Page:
The Sacred Valley of the Incas is a long, fertile valley that lies between Cusco and Machu Picchu, Peru. The Sacred Valley has been the center of agriculture since Inca times. The Incas inhabited this valley over 500 years ago and the remaining archaeological sites are a testament to the their rich and busy lives. They built fortresses, agricultural terraces, temples, palaces and citadels – all of which can be experienced today.
Join us and the guides to learn about the the history and culture of these iconic Inca landmarks during our tour:
Culinary Peru & Machu Picchu
April 26 – May 4, 2017
Ollaytaytambo is both a village and a spectacular Inca archeological site in the Sacred Valley. Built by the Incas as a fortress/temple/palace (no one really knows the reason), it is made of steep terraces guarding a ceremonial platform at the top. The terraces were thought to have been used for agriculture and protection. At the top, lies the ‘Temple of the Sun’, an unfinished construction in front of a wall of enormous boulders. The rock work from both the cut stones (some over 20 feet high) and the field stones is amazing as well as the question of how the Incas were able to transport and build this on a hillside.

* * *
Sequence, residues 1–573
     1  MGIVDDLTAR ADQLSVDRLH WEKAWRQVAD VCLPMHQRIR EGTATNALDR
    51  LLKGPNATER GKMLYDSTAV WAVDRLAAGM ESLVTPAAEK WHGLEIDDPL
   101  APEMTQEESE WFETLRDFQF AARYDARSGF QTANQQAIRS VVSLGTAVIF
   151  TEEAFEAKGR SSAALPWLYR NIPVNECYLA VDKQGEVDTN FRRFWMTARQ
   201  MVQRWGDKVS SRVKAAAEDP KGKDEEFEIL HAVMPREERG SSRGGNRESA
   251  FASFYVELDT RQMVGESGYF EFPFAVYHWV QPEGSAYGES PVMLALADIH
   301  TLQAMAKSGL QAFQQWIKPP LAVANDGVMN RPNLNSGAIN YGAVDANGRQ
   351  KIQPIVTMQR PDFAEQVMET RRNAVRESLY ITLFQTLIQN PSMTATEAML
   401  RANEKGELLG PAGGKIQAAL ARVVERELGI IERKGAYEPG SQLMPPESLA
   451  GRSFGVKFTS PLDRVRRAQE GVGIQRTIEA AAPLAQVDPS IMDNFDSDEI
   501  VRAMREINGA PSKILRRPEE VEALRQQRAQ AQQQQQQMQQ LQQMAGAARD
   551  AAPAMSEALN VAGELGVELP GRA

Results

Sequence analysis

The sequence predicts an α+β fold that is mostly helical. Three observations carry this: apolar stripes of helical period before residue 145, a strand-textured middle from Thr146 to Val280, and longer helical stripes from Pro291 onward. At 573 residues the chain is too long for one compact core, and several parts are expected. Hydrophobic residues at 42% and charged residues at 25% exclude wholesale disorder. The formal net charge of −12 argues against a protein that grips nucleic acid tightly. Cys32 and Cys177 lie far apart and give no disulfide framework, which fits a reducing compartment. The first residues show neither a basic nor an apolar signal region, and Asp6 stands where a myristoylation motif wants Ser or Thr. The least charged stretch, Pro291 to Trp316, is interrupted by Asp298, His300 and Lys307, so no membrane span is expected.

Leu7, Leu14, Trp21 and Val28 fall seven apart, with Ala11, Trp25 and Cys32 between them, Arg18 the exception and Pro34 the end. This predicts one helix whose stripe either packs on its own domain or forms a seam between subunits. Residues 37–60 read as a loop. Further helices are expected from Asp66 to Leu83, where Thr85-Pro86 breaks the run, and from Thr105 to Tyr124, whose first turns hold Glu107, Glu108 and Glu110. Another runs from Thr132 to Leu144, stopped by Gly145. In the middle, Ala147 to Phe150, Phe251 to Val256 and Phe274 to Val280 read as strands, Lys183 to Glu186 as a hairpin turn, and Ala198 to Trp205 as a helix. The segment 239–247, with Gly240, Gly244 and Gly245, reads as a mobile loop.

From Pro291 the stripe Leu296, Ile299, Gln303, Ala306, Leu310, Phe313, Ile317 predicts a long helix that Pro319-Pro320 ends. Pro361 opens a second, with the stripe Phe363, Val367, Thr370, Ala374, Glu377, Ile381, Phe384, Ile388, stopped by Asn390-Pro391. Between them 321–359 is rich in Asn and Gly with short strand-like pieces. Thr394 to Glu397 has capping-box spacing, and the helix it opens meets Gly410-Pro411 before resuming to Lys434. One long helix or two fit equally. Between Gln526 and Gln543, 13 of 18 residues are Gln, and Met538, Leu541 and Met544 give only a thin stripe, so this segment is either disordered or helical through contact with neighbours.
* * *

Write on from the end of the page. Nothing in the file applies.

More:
Moray Agricultural Terraces
The ampitheater-like arrangement of Moray’s concentric terraces may appear as an elegant display of architectural simplicity, but according to some theories, their range of widths and depths within the earth resulted in each terrace having a unique agricultural microclimate. These distinctive microclimates allowed ancient farmers to test crops and determine optimal growing conditions. With a 15 degree Celsius (59 degree Fahrenheit) difference from top to bottom, a range of crops were grown on the terraces to determine what and how to grow best.
Salt Pans of Maras
Maras is a small town the Sacred Valley well-known for its salt evaporation ponds in use since Inca times. A natural spring feeds a salt-rich stream that flows down a hillside into several thousand ‘pans’. Salt was harvested by the Incas and is still harvested today. The light pink hue of the water in the pans is alluring as is the site itself.
The breathtaking Inca citadel of Machu Picchu is a UNESCO World Heritage Site and one of the Seven Wonders of the World. Machu Picchu is believed to have been a royal estate or sacred religious site for Inca leaders. The site stretches over 5 miles and features more than 3,000 stone steps that link its many different levels. its giant walls, terraces and ramps seems as if they have been cut naturally in the continuous rock escarpments. Located on the eastern slopes of the Andes, it is South America’s most famed creation of the Inca Empire.